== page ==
What hasn’t been explored quite as much is the issue of what happens when the job properties and context do not permit one to express that motivation as much as anticipated or hoped for. In other words, what happens to employee engagement when there is a contrast between their motivation and what is possible or typical within the job. Psychologist Erik Erikson proposed that, after mid-life, people start to become more concerned with what he called “generativity” – giving back, leaving something of yourself behind after you’re gone, etc. Put those two notions together, and it suggests that there can be increased pressure over time for the job to live up to some set of employee objectives.

That’s not going to be true in every case, of course. We tend to forget (as do many of the PSM researchers themselves) just how many federal employees and public sector workers are doing the same sort of thing they might do for an accounting or insurance or advertising firm or manufacturer. They didn’t come into the job expecting to be policy wonks or change the world. They came expecting a decent job with a stable employer and an opportunity to do their best. Any public interest aspects are simply a nice addition. Those folks may seek their generativity in how they raise their kids, their interaction with neighbours or congregation/community, volunteer activities, etc. In other words, what they expected the job to provide them does nothing to stifle or thwart their sense of “generativity” or ability to pursue it.

And then there are others for whom the job may embody a means to express that PSM side of themselves. Initially, they may be thrilled just to be working in the public sector. Simply having the job represents the fulfillment of those motives. With time, though, it becomes more likely that they ask themselves whether they are really getting anything done, or, as my son recently described his job to me, moving numbers from here to there.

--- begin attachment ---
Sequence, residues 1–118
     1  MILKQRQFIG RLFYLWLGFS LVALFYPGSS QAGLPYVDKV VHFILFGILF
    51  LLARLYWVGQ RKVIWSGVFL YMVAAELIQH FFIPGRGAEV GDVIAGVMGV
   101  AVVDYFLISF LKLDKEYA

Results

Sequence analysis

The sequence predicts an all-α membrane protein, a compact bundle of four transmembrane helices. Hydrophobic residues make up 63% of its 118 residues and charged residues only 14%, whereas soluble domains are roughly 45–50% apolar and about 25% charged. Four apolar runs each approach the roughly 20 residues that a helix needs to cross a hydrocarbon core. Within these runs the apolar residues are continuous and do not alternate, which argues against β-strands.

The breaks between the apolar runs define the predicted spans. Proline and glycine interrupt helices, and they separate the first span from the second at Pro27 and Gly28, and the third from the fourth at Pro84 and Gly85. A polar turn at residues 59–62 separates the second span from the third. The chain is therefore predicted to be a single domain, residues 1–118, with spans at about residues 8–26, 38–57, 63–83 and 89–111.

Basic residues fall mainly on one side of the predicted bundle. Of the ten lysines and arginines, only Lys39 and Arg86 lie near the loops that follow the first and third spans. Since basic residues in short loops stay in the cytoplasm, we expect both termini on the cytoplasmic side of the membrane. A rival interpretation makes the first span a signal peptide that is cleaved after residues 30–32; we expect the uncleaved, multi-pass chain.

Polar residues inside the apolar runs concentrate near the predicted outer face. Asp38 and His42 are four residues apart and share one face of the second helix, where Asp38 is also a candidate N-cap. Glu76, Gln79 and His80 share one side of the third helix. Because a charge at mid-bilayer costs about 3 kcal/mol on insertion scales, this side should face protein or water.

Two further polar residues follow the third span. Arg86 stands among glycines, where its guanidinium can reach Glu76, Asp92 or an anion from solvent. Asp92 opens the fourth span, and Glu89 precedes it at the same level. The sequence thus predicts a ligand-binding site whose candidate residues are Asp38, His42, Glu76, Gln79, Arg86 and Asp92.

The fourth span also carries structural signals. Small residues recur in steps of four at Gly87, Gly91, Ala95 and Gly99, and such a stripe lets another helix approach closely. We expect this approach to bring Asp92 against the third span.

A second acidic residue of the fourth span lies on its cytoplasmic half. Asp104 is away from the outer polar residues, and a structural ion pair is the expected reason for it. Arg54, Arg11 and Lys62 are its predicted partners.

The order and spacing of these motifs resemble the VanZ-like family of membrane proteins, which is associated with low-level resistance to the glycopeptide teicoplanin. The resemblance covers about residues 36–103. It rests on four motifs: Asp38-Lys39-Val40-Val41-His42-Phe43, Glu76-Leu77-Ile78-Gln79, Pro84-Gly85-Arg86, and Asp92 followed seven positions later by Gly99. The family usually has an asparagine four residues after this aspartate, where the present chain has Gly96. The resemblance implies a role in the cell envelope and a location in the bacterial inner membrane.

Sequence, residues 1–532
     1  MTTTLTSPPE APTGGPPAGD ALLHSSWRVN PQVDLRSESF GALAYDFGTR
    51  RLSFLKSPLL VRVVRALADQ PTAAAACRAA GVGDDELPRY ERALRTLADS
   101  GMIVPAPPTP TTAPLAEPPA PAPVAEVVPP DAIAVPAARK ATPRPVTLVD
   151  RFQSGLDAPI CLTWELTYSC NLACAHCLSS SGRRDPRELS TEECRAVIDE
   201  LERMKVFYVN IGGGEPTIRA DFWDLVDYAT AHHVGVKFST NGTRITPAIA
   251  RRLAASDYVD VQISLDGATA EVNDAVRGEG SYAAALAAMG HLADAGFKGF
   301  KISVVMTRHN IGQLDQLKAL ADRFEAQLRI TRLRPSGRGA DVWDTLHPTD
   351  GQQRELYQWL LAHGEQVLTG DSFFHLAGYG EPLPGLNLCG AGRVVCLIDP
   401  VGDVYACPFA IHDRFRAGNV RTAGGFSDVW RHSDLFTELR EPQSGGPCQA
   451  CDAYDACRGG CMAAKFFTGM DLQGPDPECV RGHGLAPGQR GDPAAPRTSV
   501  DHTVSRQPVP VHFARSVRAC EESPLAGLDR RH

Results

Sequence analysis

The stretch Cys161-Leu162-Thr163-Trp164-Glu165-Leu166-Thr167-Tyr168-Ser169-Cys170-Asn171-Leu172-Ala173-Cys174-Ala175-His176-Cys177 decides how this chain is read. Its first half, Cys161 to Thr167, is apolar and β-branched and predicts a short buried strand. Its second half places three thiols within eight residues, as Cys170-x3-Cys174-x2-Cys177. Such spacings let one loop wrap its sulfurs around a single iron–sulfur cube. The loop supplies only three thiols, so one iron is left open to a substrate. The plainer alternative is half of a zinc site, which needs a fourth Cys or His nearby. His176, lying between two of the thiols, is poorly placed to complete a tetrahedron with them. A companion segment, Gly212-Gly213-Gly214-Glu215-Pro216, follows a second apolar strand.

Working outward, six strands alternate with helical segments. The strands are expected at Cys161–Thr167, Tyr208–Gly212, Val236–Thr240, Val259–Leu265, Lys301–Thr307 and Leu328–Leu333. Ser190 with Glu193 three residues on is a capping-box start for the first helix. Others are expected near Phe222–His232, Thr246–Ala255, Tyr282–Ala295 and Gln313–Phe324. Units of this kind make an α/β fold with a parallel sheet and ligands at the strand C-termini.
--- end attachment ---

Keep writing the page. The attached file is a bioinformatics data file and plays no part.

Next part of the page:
The takehome message is that, with time and tenure, some jobs may also have a lot more to live up to. I don’t know how long it takes for people to start saying “You know, I’ve been doing this for X years, and I still don’t feel (or don’t feel anymore) like I’m really doing anything for the public interest.”. That’s not at all a diss at the jobs. Some folks may have jobs in places that allow unimpeded following through on one’s PSM. Some folks may have less realistic or more realistic visions of what that’s going to be. Some folks have lower or higher thresholds of frustration. And of course, plenty of folks often find their “PSM” is sated by simply being decent and helpful to their co-workers; so-called “organizational citizenship behaviours”, such that even when the job doesn’t easily facilitate the pursuit of those public-interest things they signed up for, they can still go home at the end of the day contented by the pleasant interactions they’ve had with people at work, and all the appreciative “thank you”.

James E. Evans, MISM, CSM


I’m wondering what defines an “older worker” as well. But, I’ll go out on a limb here.

I’ve worked as a full-time federal employee for the past 27 years consistently.

I’m over 50 years of age.

Personally, something that is not mentioned here is that life kicks in. As we get older, priorities shift. Things in our personal space affect what is important. When we are younger, some of these challenges are nonexistent. Younger employees are free to focus and place their enthusiasm in other areas (like job). The rosy-colored glasses of youth are worn proudly. As they should be.